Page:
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Northern California city suffers second cyberattack in less than a month | #ransomware | #cybercrime

The City of St. Helena, California, on Monday suffered a cyberattack that forced officials to shut down the city’s computer systems and public library as a cautionary measure.

The city, which sits about 65 miles north of San Francisco in Napa Valley, is working with the Northern California Computer Crimes Task Force, a company that provides computer forensic assistance to law enforcement agencies, to investigate the cyberattack, according to an emailed statement from the city. According to the statement, upon initial review, the cyberattack may have compromised more than 20 computers and a network server.

“As part of the NC3TF response, law enforcement cybersecurity experts, including members of the United States Secret Service and FBI, will review the system and complete a forensic investigation of the files,” the statement read.

The city said its antivirus system blocked numerous attacks starting at 1:30 a.m. on Monday and that the virus appears similar to one that has struck other cities in California, including Oakley, which suffered a cyberattack in February.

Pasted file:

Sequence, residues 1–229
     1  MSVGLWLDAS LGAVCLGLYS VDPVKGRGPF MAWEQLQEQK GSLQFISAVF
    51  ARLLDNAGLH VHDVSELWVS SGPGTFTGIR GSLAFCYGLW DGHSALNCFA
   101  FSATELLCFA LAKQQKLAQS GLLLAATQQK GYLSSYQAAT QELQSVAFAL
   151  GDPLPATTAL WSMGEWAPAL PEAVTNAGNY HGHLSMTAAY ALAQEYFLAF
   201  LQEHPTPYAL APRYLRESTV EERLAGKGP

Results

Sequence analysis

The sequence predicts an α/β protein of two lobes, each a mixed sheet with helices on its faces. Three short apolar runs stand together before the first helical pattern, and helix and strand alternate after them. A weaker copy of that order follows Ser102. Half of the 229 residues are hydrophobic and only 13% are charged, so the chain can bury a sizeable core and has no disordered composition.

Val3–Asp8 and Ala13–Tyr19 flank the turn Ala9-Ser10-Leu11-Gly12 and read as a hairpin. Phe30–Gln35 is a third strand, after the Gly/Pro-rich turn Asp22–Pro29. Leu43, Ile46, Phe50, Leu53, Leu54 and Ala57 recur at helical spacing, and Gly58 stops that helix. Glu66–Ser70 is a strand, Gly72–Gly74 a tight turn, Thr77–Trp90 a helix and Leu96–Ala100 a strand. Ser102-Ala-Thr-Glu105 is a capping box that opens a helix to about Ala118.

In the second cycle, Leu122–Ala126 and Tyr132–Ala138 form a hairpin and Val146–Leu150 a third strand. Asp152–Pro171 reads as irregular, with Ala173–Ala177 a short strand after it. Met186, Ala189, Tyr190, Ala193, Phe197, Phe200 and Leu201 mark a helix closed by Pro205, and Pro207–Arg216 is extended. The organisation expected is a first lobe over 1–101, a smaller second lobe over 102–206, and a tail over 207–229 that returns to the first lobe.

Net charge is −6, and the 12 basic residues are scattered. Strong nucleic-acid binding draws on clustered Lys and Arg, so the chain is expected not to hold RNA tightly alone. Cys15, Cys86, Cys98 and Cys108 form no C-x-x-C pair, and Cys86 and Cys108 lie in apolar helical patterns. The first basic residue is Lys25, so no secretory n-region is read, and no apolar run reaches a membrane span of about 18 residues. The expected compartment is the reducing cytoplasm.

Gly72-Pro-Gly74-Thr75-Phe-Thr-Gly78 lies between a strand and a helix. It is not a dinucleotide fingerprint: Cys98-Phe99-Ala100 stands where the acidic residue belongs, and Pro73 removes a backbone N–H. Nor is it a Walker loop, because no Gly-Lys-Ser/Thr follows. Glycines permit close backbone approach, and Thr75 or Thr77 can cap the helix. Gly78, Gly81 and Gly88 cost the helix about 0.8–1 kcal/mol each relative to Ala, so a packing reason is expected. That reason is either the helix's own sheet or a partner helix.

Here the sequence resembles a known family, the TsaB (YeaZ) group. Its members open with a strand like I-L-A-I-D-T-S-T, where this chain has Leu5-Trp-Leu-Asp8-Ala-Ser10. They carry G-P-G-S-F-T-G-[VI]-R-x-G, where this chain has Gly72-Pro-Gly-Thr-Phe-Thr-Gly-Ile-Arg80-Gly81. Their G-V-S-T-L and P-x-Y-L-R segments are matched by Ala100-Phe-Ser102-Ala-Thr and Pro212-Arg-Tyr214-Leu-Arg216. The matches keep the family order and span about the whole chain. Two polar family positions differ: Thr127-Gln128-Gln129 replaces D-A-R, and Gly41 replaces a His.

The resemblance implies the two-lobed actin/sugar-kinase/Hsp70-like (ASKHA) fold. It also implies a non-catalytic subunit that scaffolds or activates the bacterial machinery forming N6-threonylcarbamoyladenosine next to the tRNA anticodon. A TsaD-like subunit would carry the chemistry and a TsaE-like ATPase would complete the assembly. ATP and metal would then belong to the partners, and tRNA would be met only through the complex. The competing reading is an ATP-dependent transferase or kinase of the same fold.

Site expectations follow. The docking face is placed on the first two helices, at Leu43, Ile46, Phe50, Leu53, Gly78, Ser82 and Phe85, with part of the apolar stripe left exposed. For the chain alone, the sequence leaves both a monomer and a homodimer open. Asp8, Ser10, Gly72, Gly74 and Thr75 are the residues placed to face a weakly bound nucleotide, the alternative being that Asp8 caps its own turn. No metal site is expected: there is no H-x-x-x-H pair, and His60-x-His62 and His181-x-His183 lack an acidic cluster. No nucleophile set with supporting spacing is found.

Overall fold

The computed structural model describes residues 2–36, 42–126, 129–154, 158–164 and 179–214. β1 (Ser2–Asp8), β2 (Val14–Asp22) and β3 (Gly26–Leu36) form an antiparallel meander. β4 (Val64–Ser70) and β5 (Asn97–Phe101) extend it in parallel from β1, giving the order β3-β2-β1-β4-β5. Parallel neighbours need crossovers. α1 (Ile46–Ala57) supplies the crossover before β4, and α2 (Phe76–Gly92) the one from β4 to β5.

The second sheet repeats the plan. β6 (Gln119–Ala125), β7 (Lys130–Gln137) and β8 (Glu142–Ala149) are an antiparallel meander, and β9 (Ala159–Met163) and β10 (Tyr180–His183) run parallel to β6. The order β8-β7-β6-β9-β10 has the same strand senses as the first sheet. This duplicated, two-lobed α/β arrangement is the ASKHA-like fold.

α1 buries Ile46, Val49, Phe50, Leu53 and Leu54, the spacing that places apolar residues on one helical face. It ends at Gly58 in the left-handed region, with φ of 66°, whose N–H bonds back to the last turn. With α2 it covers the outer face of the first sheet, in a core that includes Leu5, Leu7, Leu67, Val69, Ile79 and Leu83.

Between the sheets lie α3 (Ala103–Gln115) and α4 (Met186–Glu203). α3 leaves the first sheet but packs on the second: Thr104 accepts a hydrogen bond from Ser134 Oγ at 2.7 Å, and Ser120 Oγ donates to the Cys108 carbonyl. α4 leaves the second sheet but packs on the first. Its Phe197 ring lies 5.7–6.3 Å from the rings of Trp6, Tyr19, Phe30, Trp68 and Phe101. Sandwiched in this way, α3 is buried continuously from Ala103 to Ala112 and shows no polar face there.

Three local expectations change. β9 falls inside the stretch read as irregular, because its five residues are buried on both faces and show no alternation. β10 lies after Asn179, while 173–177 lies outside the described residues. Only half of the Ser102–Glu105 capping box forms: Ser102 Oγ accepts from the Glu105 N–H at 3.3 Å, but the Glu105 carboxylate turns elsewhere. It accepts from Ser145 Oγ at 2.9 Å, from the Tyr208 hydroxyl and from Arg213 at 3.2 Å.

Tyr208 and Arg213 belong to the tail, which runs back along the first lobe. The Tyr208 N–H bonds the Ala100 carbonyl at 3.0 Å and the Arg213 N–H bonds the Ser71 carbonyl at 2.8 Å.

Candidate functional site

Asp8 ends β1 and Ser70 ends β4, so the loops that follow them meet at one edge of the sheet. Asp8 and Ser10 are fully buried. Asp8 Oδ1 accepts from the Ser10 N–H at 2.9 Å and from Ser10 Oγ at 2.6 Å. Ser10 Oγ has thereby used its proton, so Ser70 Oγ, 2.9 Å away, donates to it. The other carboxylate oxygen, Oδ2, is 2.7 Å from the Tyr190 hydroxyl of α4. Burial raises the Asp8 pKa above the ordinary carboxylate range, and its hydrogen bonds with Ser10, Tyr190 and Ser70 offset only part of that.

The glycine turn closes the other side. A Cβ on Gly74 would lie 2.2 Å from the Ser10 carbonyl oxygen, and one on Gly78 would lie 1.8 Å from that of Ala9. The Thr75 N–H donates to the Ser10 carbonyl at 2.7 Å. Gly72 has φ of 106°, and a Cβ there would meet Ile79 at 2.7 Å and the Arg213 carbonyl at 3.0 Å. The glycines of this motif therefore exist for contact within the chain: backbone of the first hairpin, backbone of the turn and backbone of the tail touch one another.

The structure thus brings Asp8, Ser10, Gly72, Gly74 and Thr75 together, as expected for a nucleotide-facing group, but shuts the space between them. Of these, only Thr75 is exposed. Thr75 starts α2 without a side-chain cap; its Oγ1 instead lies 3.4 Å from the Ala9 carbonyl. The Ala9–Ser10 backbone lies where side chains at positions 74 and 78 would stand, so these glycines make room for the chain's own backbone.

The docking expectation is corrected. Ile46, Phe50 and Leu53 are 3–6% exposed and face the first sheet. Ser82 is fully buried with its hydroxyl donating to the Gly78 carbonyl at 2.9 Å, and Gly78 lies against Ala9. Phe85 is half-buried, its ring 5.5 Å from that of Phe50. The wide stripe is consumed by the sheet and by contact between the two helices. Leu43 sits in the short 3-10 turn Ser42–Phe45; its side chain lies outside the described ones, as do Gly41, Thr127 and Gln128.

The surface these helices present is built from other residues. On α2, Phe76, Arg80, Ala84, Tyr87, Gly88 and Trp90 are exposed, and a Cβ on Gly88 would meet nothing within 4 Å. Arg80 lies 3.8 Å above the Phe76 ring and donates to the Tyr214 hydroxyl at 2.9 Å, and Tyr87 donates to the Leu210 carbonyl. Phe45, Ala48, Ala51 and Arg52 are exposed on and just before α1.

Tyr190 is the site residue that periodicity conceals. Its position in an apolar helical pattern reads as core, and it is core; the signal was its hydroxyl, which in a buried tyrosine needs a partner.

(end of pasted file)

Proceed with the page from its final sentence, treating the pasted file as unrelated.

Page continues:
City officials said they noticed further computer network irregularities around 7 a.m on Monday, leading staff to alert the city’s IT contractor. At 9:30 a.m., administrators from the city’s Emergency Operations Center met, leading the city to close down the St. Helena Public Library, which last month experienced disruptions that downed phones, Wi-Fi and some virtual services after administrators noticed suspicious network activity.

The city didn’t confirm if the incidents are related.

St. Helena operates more than 25 cloud systems, some of which house sensitive data for employees, businesses and residents. Officials said all city files were last backed up on Sunday as as part of the city’s cybersecurity and business continuity plan.

“Although all city files were backed up and appear to be safe, it will most likely be 24 to 72 hours before the cybersecurity experts can clear the systems and restore the backed up files,” the city’s statement read.

The city claims the cyberattack did not affect water and wastewater plants or emergency services because they operate on separate networks.

Written by Sophia Fox-Sowell

Sophia Fox-Sowell reports on artificial intelligence, cybersecurity and government regulation for StateScoop. She was previously a multimedia producer for CNET, where her coverage focused on private sector innovation in food production, climate change and space through podcasts and video content. She earned her bachelor’s in anthropology at Wagner College and master’s in media innovation from Northeastern University.

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